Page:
Once upon a time, there were Indian Railways in which the modern day III Tier A/C didn’t exist. There was just II class sleeper or II A/C and sometimes I Tier A/C, the former meant for those who just wanted to get from Point A to Point B and the latter two meant for those who had varying amounts of cash to spare and comfort to buy. That they gave all the bedding (washed or not but white surely and those prickly blankets) made it feel special, like you’d won some lottery. Little did we know that this was the norm to much higher standards in developed countries.
People were chugging merrily along before the III Tier A/C compartment was introduced. And when it was, it brought with it a clash of personalities – was it a hostel on wheels or was it a luxury trip? Were bugs acceptable or was the very sight of them, let alone mice and rats, a scream for help? Some of the conundrums of III Tier A/C travel include lack of space (vertical in main berths and horizontal in side berths) and partial gymnastics to ease into them. Not being so tall myself (5’3”), I usually choose the upper side berth for obvious reasons – I can sit up all I want and sleep somewhat ok. Typically I don’t mind swapping for an upper berth on the main compartment and since I am a tummy reader. But the barter is seldom so simple. People bartering are always the middle berth ones – something I avoid swapping to. The middle berths are the Indian Railways’ way of parallel parking people into predefined wedges, whether they fit or not. God forbid, you’re over 50 years of age, or 80 kg of weight, you can consider it next to impossible to squeeze, yes, squeeze in. And if you do, you’re imprisoned the rest of the night. Also, it’s exceedingly common for the lower berth smug old man/lady to want to go to sleep right past 8 pm when in reality at home, they would no doubt be glued to some raving dramatic mega serial on TV.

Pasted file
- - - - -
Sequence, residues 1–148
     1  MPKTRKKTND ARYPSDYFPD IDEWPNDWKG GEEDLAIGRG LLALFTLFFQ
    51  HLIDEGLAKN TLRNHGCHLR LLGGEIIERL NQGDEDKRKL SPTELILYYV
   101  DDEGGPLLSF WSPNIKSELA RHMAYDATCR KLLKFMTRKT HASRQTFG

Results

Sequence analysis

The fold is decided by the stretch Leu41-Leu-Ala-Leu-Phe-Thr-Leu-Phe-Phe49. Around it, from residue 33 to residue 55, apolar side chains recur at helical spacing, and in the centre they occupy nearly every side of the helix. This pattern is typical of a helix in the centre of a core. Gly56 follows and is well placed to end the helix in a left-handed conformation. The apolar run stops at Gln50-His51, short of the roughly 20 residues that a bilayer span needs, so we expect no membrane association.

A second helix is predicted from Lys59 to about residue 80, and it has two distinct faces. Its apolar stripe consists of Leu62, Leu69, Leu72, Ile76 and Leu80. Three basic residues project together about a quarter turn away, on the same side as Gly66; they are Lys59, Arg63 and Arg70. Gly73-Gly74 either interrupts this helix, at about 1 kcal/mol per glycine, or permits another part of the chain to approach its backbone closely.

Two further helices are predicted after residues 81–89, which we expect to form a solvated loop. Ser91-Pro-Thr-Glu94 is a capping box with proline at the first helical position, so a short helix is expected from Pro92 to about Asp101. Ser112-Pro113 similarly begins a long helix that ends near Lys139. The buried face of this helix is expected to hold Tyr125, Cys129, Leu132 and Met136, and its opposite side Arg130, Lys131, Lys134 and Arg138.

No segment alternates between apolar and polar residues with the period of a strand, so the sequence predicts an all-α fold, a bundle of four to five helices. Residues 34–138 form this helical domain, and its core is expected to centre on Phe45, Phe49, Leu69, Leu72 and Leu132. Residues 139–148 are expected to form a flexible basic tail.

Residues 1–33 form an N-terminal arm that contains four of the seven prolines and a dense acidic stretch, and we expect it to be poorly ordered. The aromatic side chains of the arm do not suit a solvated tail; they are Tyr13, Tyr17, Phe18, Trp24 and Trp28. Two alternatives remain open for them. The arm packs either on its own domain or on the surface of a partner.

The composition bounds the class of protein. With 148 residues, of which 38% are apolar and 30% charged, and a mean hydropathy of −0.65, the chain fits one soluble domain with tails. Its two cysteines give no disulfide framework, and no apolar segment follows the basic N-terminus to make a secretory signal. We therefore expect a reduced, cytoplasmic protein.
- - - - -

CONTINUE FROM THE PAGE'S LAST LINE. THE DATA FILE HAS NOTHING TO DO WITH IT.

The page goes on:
And the woes of the side lower are just as bad – people brushing over you all through the night, while you clutch some possessions to your person (think chain, earrings etc) to be safe, the RAC people taking 1/3rd of the pathetic 5’6” space allotted (which I personally think is the only reason the Indian Railways has stopped at allotting middle side berths) or the random vendors who decide to take a break at your feet.
Oh, and if this isn’t enough, watch for the gymnastics that take place at 8 pm or just after, as people try to get on to any of the upper berths (look out for stunt performances at the side upper). The pathetic iron 3 rung ladder placed obliquely high and uncoordinated “handles” provided at the 2 upper berths make for a performance you’re unlikely to see anywhere else except with trapeze artistes. Sliding into the middle berths calls for reptilian antics too.
What’s the way out?
- If you’ve not booked the berth of your choice in time, you might as well forget bartering with others for their berths. I’ve seen pregnant women, old people and even disabled at times, been given the virtual finger as their requests are turned down.
- Look your age. If you look fit and young, no ones swapping.
- Arrive early and ask the incoming passenger for his berth within moments of his arrival. Take him by surprise and you stand a chance.
For everything else, hover over your computer hours before booking begins to get the berth of choice. Better still, invest some more and travel by a more comfortable class or by airplane. Good luck on this fantastically entertaining, always memorable journey on the Indian railways.
Coming up next – More experiences – locked in the loo, fight in the corridor and more! Stay tuned.